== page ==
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Lethbridge Herald Newspaper Archives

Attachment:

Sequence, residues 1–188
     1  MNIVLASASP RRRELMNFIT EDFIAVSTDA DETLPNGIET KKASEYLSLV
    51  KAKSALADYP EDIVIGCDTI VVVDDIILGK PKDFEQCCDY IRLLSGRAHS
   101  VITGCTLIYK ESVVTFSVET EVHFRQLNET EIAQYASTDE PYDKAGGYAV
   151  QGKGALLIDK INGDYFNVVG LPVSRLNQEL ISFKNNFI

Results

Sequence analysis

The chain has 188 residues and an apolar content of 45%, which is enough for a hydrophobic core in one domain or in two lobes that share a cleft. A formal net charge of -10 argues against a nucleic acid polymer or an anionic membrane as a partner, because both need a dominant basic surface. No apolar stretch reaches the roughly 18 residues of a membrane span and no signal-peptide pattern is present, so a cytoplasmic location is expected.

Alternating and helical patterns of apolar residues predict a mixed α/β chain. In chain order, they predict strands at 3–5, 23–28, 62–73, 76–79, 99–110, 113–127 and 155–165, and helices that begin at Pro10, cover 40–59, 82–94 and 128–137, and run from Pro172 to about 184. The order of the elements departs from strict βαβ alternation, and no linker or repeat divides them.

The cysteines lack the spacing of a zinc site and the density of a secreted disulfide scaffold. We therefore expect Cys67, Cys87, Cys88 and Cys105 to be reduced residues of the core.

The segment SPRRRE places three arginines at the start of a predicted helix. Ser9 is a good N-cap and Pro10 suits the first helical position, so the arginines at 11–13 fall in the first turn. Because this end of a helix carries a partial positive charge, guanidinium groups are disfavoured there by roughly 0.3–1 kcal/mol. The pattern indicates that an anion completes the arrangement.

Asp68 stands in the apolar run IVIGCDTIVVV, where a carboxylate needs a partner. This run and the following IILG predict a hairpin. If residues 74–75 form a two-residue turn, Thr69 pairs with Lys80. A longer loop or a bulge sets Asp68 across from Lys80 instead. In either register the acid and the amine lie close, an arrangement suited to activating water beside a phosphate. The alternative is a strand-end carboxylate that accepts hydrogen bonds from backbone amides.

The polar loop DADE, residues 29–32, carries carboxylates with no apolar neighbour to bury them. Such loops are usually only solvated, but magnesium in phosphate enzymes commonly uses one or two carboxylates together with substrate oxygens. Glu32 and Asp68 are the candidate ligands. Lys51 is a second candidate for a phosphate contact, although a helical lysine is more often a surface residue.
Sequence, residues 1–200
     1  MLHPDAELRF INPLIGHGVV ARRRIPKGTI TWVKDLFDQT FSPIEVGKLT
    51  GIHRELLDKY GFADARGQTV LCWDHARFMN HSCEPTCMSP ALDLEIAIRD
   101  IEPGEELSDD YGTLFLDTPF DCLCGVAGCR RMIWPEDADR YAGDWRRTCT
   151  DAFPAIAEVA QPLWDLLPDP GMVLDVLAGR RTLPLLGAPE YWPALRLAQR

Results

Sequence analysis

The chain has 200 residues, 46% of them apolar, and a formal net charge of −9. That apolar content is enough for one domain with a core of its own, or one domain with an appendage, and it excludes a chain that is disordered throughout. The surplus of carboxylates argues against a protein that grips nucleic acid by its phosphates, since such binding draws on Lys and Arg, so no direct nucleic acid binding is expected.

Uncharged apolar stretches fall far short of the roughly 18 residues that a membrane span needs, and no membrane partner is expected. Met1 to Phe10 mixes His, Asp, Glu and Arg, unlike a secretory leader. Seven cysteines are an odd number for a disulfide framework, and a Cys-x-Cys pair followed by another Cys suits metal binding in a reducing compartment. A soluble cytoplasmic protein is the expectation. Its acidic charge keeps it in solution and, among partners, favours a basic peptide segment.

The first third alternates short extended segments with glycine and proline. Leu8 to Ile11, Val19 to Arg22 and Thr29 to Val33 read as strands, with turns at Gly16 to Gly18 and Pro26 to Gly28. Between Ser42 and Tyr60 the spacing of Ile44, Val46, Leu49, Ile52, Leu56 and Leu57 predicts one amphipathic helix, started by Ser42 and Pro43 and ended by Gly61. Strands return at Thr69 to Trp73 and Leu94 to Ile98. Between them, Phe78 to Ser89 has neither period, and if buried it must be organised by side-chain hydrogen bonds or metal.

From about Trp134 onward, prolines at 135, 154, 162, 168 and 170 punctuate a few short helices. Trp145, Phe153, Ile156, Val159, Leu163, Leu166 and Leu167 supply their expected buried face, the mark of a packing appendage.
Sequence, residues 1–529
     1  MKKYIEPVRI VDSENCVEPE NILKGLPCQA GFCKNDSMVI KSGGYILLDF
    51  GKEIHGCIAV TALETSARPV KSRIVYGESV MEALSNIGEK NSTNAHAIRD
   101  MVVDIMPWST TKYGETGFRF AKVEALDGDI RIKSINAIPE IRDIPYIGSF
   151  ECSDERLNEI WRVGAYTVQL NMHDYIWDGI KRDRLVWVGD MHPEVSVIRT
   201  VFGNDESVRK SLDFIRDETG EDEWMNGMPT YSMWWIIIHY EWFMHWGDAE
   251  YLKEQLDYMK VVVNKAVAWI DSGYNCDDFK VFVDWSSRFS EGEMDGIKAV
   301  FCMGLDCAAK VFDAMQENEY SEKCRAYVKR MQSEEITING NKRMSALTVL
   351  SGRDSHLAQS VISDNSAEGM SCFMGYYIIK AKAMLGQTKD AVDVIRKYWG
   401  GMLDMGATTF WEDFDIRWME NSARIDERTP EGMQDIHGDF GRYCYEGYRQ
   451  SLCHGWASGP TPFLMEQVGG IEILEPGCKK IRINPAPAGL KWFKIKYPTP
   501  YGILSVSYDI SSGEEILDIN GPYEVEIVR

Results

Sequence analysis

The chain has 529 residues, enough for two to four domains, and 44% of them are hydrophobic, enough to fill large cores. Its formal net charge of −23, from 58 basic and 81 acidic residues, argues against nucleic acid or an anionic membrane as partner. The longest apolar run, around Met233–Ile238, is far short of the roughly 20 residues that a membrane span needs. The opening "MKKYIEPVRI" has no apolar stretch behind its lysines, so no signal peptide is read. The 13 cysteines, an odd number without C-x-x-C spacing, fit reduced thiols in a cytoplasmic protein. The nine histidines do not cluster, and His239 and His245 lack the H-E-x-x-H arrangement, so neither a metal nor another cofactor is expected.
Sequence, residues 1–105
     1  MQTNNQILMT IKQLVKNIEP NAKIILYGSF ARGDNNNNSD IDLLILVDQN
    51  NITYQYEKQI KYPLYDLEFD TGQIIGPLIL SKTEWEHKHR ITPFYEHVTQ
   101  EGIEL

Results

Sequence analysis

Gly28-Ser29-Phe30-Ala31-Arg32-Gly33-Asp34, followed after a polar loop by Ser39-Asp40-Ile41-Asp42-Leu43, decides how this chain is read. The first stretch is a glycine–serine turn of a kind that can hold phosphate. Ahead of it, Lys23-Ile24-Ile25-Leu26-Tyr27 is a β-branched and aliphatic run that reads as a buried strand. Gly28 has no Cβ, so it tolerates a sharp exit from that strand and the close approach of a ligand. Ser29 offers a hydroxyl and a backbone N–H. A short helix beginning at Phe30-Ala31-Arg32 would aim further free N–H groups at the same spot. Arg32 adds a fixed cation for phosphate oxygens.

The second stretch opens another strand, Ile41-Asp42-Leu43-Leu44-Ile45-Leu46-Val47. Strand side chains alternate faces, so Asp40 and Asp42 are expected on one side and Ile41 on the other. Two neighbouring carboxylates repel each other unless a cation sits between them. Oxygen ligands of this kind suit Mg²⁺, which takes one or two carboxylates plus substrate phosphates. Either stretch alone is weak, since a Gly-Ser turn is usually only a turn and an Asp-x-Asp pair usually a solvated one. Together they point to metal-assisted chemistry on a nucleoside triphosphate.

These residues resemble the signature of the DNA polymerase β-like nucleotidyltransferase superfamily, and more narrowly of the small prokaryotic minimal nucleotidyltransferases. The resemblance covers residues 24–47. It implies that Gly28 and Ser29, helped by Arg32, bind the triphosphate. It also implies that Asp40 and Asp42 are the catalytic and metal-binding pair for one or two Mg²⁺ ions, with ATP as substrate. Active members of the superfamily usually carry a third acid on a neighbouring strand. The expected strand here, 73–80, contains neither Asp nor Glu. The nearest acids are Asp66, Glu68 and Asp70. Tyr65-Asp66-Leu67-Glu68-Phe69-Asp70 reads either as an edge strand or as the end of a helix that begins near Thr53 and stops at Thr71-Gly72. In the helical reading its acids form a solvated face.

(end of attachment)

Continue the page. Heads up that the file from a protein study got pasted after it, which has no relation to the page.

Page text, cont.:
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Lethbridge Herald, The (Newspaper) - November 13, 1972, Lethbridge, Alberta 18 THE UTHBRIDGE HERALD Menday, November 13, Model railivfi-y club Casey Jones would be proud By MARLEXE COOKS1IAW Herald Staff Wrilcr The Southern Alberta Model Railway Club, now situated in its first clubhouse, has set its sights on larger projects than portable models. The club currently has 20 members, all male, although there are no sex or age restric- tions. AH have an interest in model building, and most were members o[ the smaller, "visiting type" Lethbridge Model Railroad Club, active since J952. The older club had no perm- anent base, and members built portable operating models in each other's homes, giving shows at the Bowman Arts Cen- tre occasionally. The Southern Alberta Model Railway Club was established in September of 1971 and has recently completed its first pro- ject building the clubhouse located in the Gyro Park. The 19-foot by 45-foot building was built at a club cost of 000, but member Chester Robins estimates its total worth includ- ing labor and donations at three to four times that amount. It will house the on-going pro- ject of the club a large scale- model of a railroad on terrain similar to the south Alberta- Crowsnest Pass area. The project layout was design- ed In May, and when finished it will almost completely fill the room. There will be 425 feet of mainline track, as well as branch lines, all hand as- sembled from inch long rail- road ties of hand stained wood, quarter inch spikes and hund- reds of feet of narrow brass rail. The attention lo detail and accuracy Includes experiment- ing to find ways of creating the appropriate sound a train would make passing over a certain type of terrain, and precise measurements of angles, curves and slopes lo coincide with ac- tual situations. Pictures are taken of actual railroads and buildings, with other ideas obtained from model books and the members' imaginations. The scenery is painted on molded plaster, with trees carved from wood and moss adding further detail. When completed, the trains will be operated by time dup- licated procedures, the electri- cal system involving approxi- mately 700 terminals. The towns which will be part of the scenery will be given the old names of towns In the area, such as Coalbanks. The club plans on developing the suth wall of the clubhouse into a viewing area, where pso- plc can watch the model in op- eration through a glass wall. Mr. Robins said the members hope to have it ready for public viewing in the spring. "This is the type of project that can go on for literally he said. "You just keep on working for further detail, and there's no end to what you can do." He estimaled that the project would represent a total club in- vestment of approximately 000 at the end of 10 years. The club holds regular meet ings Tuesdays, but each mem her has a key to the clubhouse and can work on the model anytime. Mr. Robins said the club can accommodate about 10 new members, anyone interested in any aspect of the work involv- ed from the carpentry and electrical wiring to the scenery painting. EVERY DETAIL the cook's ear. Ervin pholcs. MEMBER CHESTER ROBINS compares the blue-print. STILL SELLING FOR LESS! STERN'S CUT-RATE FURNITURE 314 3rd Street S. Phone 327-3024 'Tough times ahead' Hohol knocks bargaining methods At the legislature The collective bargaining process used by unions and management lo resolve their differences is Labor Minister Bert Hohol told a carpenters council convention in Calgary. MACLEODS OFF DAY 1 TUESDAY. NOV. OPEN A.M. 'TIL P.M. MACLEODS i CENTRE VILLAGE MALL ONLY The labor minister attacked two accepted methods used in ba-gaining today. He condemned the "adver- sary where labor and management fight each other, ss an outda'.ed tool which "will be recognized to a hin- derance to neogtiations." Secondly, ho criticized "the head-long rush to get the con- ciliator (appointed by the prov- ince) and to get the slrike vole as an aid to negotiation." A conciliator attempts to draft an offer acceptable to both sides when a negotiation impasse has been reached. If the conciliation offer is re- jected, the next step may be a strike or lockout. Unless Ihere self-adopted changes in the collective bar- gaining procedure, the minitser warned that labor-management relations in Alberta will decline to the strike-ridden level of British Columbia, Quebec and the Marilimes. If collective bargaining "at- titudes" don't change or devel- op soon "the 1970s, I would sug- gest, are going to be tough in Alberta." Some labor and management officials have repeated the la- bor minister's prediction of "tough times ahead" unless col- lective bargaining preedure at- tiludes change. They point lo the coming spring negotiations between the Alljcrla Provincial Council of Carpenters, bargaining agenls for nomo unionized car- penters In the province, and the Alberta Construction Labor Re- lations Association, represent- ing 355 construction contract- 's. Both sides ire expected lo take hard line "adversary" ap- proaches against each and some officials foresee a province-wide c o n s t r u ction slrike-lockoul looming. Mr. Hohol lold the carpenters convention unions should re- vise their membership drive at- titudes and "should not sell llw advantages of unions as such, but rather to stress the re- sults." Teacher dispute continues Conciliation board submits 3 reports The provincial government got three reports for the price of one but it still didn't get ils money's worth from the con- ciliation board appointed lo in- tervene in Ihe contract hassle Involving teachers in rural southern Alberta. The board completed Its hearings In mid-October and was expected to submit a re- port by Oct. 3J. However, Labor Minister Dr. Bert Hohol told The Herald that the three-man board was un- able to agree on an agreement and each member submitted a different Get of recommenda- tions. "We arc going to appoint a new board ns soon as possi- said Dr. Hohol. "I am not critical of the first board because if they couldn't agree, It Is propel1 that they submit three reports." Dr. Hohol declined to elabor- ate on the of Ihe Ihrcc documents, About leaches in lira IB rural school muth of Vulcan and Brooks are Involved in the dispute which still cen- tres around wages, principal's allowances, payment for partial years of education, payment of Alberta Health Caro and Blue Cross premiums and the lenglh of the agreement. City man elected director J. D. Wallers of Letlibrlclgo has been elected to n two-year term as a director of tho In- surance Agents' Association of Alberta. Elected president was the mayor of Vermilion, C. T. 'Charlie" Hcckbert. Mr. Heck- bort, has served ns mayor for three ycnrs, has boon ac- tive in tho Insurance Indusli} (or more than 25 years. Help for friends By GREG MclNTYRE EDMONTON It looked like more than a coincidence that the five agencies handling government vehicle Insurance all had Conservatives in their top ranks. The five: Roy Watson, past president of Ihe Alberta Pro- gressive Conservative Association and a vice-president in the national party (Roy Henry Insurance Agency Bob Sewell, current president of Ihe Alberta PC Association (Sewell-Huber Tony Thibaudeau, unsuccessful PC candidate in Ed- monton North in the 1967 provincial election (Thibaudeau Agen- T. J. Stewart, assistant campaign manager for Provin- cial Treasurer Gordon Minlely (Stewart Campbell and Jack Moon, co-campaign manager for Industry Minister Fred Peacock (Reed Shaw There's nothing wrong with the companies these people represent, it's just that deciding contracts on party lines does nothing to encourage competence or economy. Premier Peter Loughced balanced the political scales a bit by appointing former New Democratic Party candidate Roy Jamha as chairman of the Workmen's Compensation Board. And on the same theme, wasn't it interesting that the Con- servatives were the only federal party to make use of the provincial government's new-fangled communication wire to the news media during the recent federal election. You'd think the Liberals, who were spending money like it was going out of style, would have jumped at the chance. It nil seven Letlibridgc County Cmtncillora make it to the annual meeting of the Albarta Association of Municipal Dis- tricts and Counties here this week, they'll be bankrolled by the taxpayer to the hire of counting the odd administra- tor or foreman who might also attend the four-day get-together. That's (one day for travel) plus flat J250 ex- penses. The annual convention is looked on as a bit ot a plum for all that slogging during the year. There was a flutter of gossip over B colorful spectator In the visitor's gallery during debate of the new Human Rights Act last week. Wrapped in fur and a fluorescent scarf, the Gay Lib type was watching to see what rights the act would offer him. Publicity seems to have given controversial Edmonton Phys- ician David Craig new motivation to attack the provincial gov. ernment's drug treatment programs. On Wednesday Opposition MLAs were hammering Attorney General Merv Leitch about the government's hassling of Dr. >aig and the very next night the doctor was out at the Uni- versity of Alberta talking about lieroin "floating around" the jail at Fort Saskatchewan. Reaction from the theatre owners makes you wonder wheth- er censorship laws are meant to protect the public or the film industry. The proposal to put censorship in the hands of the police sent visions of horror through the head of one theatre operator. The police will turn theatres into shooting galleries for obscenity charges, he moaned. Seems the theatre man- agers won't be able to pass the buck to Brother If the censor board is abolished. On the same subject, censorship committee chairman Ernie Jamison publishes the St. Albert Gazette -gave himself a little toot in his paper with a headline: Jamison tables tough report on censorship. Opposition MLAs didn't find the report so lough. They're wondering what it cost. At the earlist the current session of the legislature could end Thursday. Still unfinished are two pieces of human rights the Mental Health Act, the Communal Properties Repeal Act, a report on legislature procedures, and If there s time, more debate on the Worth Report on Education Plan- ning and the Premier's state of the province address. A date lor the spring silling hasn't been set, but it's tra- ditionally in early February. Education Minister Jan Hyndman has been dazzled by the wpularity of the Worth Report which has been on sale at >5 in supermarkets and other outlets across the land. In com- parison, the earlier Cameron Report on Education went largely unnoticed by the public. Even a Toronto school board chairman's crack that the -eport was nothing more than "a remarkable piece of dread- ful scholarship" didn't perturb Uie cheery Mr. Hyndman. "We must be doing something right if we've been attacked by the Ontario education he exclaimed. The minister said it doesn't matter whether you agree with the recommenda- tions in the report, or not "But if you don't have any opin- ion, you're a dope." Reaction lo Ihe Worth Report has covered both extremes. The Toronto chap said it was overloaded with outdaled Old Testament morality, while Lethbridge's school critic Dick Gruenwald said the report didn't place enough emphasis on values. ANNOUNCING 7-Eleven Store HOLIDAY VILLAGE Now Open 24 Hours Doily For Your Added Shopping Convenience 7-Eleven Store 13th St. and 6th Ave. North Alia Open 24 HOURS DAILY 7-Eleven Store 20th Avt. and Mayor Magrath Drive Regular Heuri 7 a.m. to 11 p.m. Daily ;